Figure 3. (A) Aortogram with iodinated contrast medium in left anterior oblique projection. The tumors show fine neovascularity. The inferior accessory renal artery (arrow) abutting the inferior margin of the tumor shows diffuse narrowing; (B) Capillary phase. There is irregular, increased contrast accumulation throughout the tumors (arrows).

Figure 4. (A) Right renal arteriogram, arterial phase. There is mild compression of the main renal artery by the tumor associated with mild narrowing of the renal artery at the hilus; (B) Right renal arteriogram, capillary phase. No tumor blush is seen.

the retroperitoneal masses. The concentration of epinephrine in the IVC was normal. The values of catecholamines are shown in Table 1. Left renal vein renin value was 117.1 ng/mL/hour (n, 0.5 - 3.5 ng/mL/hour), right renal vein renin level, 75.9 ng/mL/hour, and IVC, 91.4 ng/mL/hour. The left renal: right renal renin ratio was 1.5, lateralizing renin excess to the left kidney which is most likely due to narrowing of the left inferior accessory renal artery caused by the tumor.

Figure 5. (A) Left renal arteriogram,arterial phase. The main and intrarenal arteries are patent; (B) Left renal arteriogram, capillary and venous phase. The nephrographic defect in the lower pole of the kidney is the part of the kidney supplied by the accessory renal artery arising from the aorta. There is circumaortic renal vein as renal vein variation.

Table 1. Plasma catecholamine levels in the inferior vena cava and renal veins.

Normal serum catecholamine values: Epinephrine = 0 - 100 pg/mL; Dopamine = 0 - 100 pg/mL; Norepinephrine = 0 - 500 pg/mL.

The patient subsequently underwent surgical resection of the masses at the outside hospital. The procedure was completed at an outside hospital; therefore, histology of the resected tumor is not available. It was documented as a pheochromocytoma in the patient’s medical record and supported by normalization of pre-operative elevation of catecholamine following removal of the tumor. On postoperative day #7, the plasma free normetanephrine was 0.65 nmol/L (n < 0.90 nmol/L) and plasma free metanephrine was lower than 0.20 nmol/L (n, < 0.50 nmol/L). Plasma norepinephrine, epinephrine, and Dopamine were also within normal limits.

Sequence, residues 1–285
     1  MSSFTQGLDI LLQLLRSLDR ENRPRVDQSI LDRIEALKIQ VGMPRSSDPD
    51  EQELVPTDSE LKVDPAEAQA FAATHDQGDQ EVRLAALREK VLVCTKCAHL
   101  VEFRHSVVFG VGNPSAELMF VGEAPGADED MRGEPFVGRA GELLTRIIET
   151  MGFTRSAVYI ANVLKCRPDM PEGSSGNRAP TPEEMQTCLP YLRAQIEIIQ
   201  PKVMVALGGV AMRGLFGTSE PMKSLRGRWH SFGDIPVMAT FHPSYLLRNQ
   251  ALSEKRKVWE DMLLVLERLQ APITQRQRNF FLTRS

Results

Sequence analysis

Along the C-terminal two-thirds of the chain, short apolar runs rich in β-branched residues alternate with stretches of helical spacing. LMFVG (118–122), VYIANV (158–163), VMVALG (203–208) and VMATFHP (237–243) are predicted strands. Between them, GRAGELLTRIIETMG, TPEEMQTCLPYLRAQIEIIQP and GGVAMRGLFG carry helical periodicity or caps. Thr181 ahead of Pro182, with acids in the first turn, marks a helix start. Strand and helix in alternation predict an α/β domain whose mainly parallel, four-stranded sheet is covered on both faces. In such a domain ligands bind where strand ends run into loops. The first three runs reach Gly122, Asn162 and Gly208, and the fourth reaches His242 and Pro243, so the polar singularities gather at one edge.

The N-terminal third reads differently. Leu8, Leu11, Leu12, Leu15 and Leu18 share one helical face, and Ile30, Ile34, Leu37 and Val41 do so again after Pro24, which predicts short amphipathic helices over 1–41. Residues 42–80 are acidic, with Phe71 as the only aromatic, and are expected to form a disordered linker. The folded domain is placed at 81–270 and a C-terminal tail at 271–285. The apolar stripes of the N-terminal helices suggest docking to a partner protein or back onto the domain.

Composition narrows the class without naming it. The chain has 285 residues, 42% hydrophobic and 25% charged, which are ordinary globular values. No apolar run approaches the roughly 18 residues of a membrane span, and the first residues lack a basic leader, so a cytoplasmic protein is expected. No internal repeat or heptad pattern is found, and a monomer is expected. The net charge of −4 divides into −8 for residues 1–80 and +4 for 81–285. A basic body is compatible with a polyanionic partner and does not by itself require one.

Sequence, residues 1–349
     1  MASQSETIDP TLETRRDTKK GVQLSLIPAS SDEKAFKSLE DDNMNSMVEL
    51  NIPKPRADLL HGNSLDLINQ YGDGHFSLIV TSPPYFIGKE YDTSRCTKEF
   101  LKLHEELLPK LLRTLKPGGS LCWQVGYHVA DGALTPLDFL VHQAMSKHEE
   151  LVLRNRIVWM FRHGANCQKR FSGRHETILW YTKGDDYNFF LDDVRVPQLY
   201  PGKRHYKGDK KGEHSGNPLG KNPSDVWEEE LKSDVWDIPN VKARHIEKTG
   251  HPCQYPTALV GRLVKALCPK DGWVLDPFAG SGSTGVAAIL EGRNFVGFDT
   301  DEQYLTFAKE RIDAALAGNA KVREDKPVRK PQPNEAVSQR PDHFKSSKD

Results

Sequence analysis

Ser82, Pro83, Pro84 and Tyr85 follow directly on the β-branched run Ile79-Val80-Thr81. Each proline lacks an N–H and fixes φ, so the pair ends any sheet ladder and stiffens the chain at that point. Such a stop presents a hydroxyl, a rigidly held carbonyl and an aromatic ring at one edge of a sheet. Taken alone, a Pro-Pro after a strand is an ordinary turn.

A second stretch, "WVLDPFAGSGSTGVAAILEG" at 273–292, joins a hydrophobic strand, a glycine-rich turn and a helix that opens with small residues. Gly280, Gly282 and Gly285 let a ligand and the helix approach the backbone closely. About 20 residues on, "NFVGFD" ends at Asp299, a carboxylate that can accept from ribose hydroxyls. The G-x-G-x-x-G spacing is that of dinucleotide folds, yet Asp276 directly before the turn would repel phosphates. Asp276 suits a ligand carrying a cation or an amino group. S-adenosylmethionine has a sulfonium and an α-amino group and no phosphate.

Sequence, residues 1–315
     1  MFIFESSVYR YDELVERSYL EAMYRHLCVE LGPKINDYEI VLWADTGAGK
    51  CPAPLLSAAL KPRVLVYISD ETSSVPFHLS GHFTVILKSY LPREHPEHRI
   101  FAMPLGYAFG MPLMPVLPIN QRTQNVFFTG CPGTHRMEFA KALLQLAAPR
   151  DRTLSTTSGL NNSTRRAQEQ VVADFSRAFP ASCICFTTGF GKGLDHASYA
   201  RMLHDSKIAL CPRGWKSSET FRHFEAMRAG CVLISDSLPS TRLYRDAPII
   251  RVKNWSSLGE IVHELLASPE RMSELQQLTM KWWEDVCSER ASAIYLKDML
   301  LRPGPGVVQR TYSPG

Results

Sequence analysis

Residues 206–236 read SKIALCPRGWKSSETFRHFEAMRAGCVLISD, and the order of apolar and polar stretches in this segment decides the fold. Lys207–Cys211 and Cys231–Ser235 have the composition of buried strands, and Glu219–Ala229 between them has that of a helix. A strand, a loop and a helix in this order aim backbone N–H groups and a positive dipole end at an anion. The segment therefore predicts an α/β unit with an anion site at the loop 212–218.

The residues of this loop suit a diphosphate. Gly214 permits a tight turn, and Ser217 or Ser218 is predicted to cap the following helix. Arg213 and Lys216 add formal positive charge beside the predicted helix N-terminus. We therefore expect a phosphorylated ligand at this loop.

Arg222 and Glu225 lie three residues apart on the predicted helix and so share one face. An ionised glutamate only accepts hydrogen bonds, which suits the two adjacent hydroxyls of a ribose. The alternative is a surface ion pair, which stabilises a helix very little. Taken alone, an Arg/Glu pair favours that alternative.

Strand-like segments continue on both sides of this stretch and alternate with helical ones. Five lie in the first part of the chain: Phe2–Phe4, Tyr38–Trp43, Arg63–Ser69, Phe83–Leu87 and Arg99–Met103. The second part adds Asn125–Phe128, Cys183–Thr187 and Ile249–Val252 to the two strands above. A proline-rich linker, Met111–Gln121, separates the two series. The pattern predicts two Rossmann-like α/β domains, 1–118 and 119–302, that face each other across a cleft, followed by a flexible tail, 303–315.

The patient has not had any headache, dizziness, sweating, or abdominal pain suggestive of recurrence of his pheochromocytoma for two years and ten months after resection of pheochromocytoma. His lab studies for catecholamines were normal. He remained normotensive.

3. Discussion

Since the advent of digital subtraction angiography, CO2 has commonly been used as a safe alternative contrast agent for diagnostic angiography and endovascular procedures in patients with or without renal failure and contrast allergies. To the best of our knowledge, this is the first case of a hypertensive response to the intra-aortic injection of CO2 for aortography in a patient with catecholamine-secreting paraganglioma.